Gateway Project is Eastern’s supersized vision
Future visitors to Eastern Washington University – and Cheney – could be greeted by this impressive new structure, known as the Gateway Project. If it comes to fruition the Gateway Project would not only add new permanent seating and donor suites to Roos Field, but would also provide various student amenities and retail space.
It might be one of the most complex projects Eastern Washington University has ever dreamed up. It’s called the Gateway Project, and while people who have heard of it might think of it as the plan to expand seating at Roos Field, to university officials and others involved, it’s much more.
The project is a vision linking institutional workings of the university with retail and commercial businesses aiming to increase the fun and excitement for Eagle fans on game day, enhance the college experience for students and provide an economic engine for Cheney and the region. Coupled with other elements of Eastern’s overall master plan, the project, if fully realized, could increase seating at Roos, turn Washington Street into a tree-lined boulevard and provide a second commercial area for Cheney residents and university students.
“It’s more than just the stadium,” University Advancement director of development Tim Szymanowski said.
The first phase is a seven-story building replacing the existing grandstands on the east side of Roos. While the actual design isn’t finalized yet – Szymanowski said they are in the “schematic design” phase – the vision laid out by university officials has been enough to inspire participation from several outside sources, including architectural firms BLRB and Parametrix, which provided five months and $140,000 worth of work as an in-kind donation.
Szymanowski said schematic design is about 12-15 percent of the project. It’s a process that establishes the overall footprint and space allocations, but doesn’t define space attributes, through having external agencies and organizations provide design criteria, such as the city of Cheney with information on easements and permits as well as the NCAA with requirements on things like how close the seating can be to the field.
Even though schematic design is the realm between concept and actual construction, there are a lot of things the university foresees going into Gateway. The first floor of the facility will house new home and away team locker rooms as well as rooms for officials, cheerleaders, an athletic training room, strength training room and the new home of football operations. There will also be locker rooms for Eastern’s marching band.
And there are plans for retail space. Right now that could likely include an EWU gear store, but also feature food amenities such as a sports bar, pizza shop, casual restaurant and even a bank and a cell phone store.
Szymanowski cautioned that the overall square footage, and how much each retail piece may want or need, won’t be tallied until construction and negotiated occupancy are finalized.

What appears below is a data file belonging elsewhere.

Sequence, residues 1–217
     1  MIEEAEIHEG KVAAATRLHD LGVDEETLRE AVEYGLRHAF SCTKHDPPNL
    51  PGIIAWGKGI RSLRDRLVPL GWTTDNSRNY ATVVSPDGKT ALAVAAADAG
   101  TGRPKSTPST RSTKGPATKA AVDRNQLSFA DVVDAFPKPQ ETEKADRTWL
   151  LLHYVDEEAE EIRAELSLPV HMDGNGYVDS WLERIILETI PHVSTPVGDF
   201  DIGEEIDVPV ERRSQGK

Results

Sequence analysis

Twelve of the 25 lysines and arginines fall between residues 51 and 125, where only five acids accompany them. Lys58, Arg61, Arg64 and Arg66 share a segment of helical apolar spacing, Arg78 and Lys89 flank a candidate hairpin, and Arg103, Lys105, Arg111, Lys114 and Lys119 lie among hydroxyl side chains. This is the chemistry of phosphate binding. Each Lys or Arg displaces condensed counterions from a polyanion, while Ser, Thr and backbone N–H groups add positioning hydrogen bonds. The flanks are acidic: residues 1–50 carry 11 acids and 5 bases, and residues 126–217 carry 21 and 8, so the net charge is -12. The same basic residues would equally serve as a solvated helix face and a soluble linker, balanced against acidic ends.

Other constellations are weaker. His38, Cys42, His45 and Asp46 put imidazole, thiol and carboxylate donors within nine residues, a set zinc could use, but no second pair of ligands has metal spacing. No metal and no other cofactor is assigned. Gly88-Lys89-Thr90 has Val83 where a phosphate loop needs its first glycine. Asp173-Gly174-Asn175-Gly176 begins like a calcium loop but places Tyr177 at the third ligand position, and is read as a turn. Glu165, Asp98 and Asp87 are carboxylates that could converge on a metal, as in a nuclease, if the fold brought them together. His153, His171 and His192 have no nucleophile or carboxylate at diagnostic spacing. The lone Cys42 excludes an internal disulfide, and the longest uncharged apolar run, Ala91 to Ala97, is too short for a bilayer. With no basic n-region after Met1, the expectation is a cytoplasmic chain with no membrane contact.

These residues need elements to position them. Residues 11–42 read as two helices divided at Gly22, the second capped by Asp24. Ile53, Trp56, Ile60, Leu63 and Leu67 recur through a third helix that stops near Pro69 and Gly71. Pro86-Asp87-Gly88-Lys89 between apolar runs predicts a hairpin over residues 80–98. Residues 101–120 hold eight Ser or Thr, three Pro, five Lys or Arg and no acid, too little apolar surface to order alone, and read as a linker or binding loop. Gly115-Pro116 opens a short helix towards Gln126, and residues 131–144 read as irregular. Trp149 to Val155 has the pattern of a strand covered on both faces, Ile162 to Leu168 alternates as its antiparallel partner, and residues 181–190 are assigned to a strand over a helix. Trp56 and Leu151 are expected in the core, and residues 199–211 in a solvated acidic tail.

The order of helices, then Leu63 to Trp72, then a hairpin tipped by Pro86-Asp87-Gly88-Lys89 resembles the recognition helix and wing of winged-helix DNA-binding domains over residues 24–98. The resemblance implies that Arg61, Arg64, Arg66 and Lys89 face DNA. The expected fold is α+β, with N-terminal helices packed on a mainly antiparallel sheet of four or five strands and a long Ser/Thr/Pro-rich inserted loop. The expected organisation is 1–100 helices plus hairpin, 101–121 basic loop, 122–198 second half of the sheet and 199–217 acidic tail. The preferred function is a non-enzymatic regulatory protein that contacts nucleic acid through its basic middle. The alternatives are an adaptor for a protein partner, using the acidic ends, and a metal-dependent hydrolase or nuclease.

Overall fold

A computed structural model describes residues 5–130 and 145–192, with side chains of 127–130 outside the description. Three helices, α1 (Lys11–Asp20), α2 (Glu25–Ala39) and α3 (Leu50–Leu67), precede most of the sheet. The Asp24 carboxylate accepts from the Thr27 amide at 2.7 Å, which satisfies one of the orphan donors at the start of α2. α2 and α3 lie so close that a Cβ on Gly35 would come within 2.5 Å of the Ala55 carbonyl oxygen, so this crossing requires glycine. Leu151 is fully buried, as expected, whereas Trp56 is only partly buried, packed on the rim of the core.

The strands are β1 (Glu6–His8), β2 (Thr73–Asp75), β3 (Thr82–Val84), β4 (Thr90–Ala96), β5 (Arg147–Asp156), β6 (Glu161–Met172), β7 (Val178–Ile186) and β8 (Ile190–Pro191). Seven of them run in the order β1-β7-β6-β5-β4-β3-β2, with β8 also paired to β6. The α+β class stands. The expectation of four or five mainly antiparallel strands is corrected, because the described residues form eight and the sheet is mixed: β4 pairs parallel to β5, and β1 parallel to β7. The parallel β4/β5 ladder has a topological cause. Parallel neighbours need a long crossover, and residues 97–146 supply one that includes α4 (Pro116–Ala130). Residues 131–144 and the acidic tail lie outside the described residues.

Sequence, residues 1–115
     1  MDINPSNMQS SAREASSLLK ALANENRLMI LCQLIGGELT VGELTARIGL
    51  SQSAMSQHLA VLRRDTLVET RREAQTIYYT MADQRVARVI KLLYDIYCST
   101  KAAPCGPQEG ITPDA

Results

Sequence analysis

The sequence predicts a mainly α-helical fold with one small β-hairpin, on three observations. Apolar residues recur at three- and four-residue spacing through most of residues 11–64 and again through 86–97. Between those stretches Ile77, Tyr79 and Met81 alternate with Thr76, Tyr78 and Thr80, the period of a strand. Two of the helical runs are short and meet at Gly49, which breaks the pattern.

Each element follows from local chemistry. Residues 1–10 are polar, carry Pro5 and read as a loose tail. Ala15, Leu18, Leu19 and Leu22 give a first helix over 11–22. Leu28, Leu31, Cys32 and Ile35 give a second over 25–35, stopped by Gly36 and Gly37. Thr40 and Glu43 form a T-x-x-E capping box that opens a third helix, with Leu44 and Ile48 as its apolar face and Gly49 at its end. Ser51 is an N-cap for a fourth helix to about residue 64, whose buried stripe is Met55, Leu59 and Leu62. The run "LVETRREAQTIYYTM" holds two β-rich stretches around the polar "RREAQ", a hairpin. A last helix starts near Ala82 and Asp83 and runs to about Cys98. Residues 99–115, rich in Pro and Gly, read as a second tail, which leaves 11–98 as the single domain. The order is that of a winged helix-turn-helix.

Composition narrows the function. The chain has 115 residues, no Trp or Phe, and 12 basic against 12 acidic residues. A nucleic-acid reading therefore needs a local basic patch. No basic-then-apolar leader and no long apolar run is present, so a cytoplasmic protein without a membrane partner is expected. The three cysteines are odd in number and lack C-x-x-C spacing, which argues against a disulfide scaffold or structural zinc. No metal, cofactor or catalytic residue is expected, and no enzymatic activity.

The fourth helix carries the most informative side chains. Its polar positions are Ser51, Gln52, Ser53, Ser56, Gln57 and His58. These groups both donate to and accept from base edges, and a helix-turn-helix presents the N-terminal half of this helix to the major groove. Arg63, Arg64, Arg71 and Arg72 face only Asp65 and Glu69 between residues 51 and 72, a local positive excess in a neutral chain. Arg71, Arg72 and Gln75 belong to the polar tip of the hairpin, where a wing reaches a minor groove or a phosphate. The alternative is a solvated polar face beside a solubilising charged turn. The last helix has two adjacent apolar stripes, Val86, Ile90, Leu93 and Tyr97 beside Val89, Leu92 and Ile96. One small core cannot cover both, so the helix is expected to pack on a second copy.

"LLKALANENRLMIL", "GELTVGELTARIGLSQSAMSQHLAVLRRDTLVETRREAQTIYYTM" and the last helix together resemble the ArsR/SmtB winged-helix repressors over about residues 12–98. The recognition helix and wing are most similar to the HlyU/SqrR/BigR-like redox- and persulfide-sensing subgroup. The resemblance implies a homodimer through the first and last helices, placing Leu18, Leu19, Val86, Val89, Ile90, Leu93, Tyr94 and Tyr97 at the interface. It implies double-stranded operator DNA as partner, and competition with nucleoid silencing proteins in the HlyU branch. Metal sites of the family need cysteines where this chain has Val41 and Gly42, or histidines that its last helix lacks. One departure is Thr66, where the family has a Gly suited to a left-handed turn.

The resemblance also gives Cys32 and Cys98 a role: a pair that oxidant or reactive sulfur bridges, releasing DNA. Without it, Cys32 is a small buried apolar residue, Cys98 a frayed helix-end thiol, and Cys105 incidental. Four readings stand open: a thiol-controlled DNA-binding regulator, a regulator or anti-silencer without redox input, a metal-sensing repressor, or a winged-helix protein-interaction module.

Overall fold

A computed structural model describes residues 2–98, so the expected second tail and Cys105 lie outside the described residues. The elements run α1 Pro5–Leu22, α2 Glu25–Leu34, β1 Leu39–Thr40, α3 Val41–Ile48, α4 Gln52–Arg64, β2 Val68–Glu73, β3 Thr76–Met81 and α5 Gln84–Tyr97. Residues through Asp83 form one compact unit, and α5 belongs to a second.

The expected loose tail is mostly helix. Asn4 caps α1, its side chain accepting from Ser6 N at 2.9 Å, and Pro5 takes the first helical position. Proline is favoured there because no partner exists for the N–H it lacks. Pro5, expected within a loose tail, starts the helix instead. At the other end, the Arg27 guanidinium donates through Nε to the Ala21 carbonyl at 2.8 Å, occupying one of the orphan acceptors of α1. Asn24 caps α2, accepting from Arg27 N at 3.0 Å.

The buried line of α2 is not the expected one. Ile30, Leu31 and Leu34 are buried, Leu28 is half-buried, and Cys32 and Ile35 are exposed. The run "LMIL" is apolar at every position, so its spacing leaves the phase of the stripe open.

The second floor would contain more retail as well as an all-athlete student academic success center. General admission seating with a concourse and concessions will be on the third floor, with commercial office space possible on the fourth and fifth. Some occupant ideas here are health care providers, businesses Szymanowski said that could be linked into existing university programs such as physical therapy that would provide students some “live fire” experience in their major fields.
The sixth floor would contain club seating and related amenities while the seventh floor would be home to more pricey loge, cabana and executive suites. The design and number of these will again be determined by Eastern’s survey results.
An overall estimated price tag of between $28 million and $30 million was presented at the March trustees meeting, but Szymanowski said those are early numbers and they’re not really spending much time on price yet.
And that’s another one of the many components to the Gateway Project – revenue. If approved by the board it’s up to the university Foundation, Eastern’s fundraising-arm, to find the money to build and manage the facility as the owner/operator. Paying off costs and operating expenses must be covered by revenue generated at the building.
To help them gain a clearer picture on that aspect of the project, Szymanowski and other Foundation and university officials took a field trip this summer to universities similar in size and composition as Eastern that had built a Gateway-style project: Appalachian State, James Madison and Liberty University.
Once the new portion of Roos is completed it will serve as a cornerstone to other university development ideas. More seating could be built in the north and south end zones of Roos, turning it into a 26,000-27,000-seat venue, while Washington would be enhanced. Taking into account Eastern’s land holding, developed and undeveloped, on the west side of the street, Washington is essentially the geographic center of the campus.
Once the Gateway facility is paid for the revenues would be available to the Foundation to help fund other areas for Eastern students.
“Endowments aren’t cutting it completely anymore,” Szymanowski said. “Once this is paid off, it gives the Foundation a nice revenue options to invest in scholarships.”
John McCallum can be reached at email@example.com.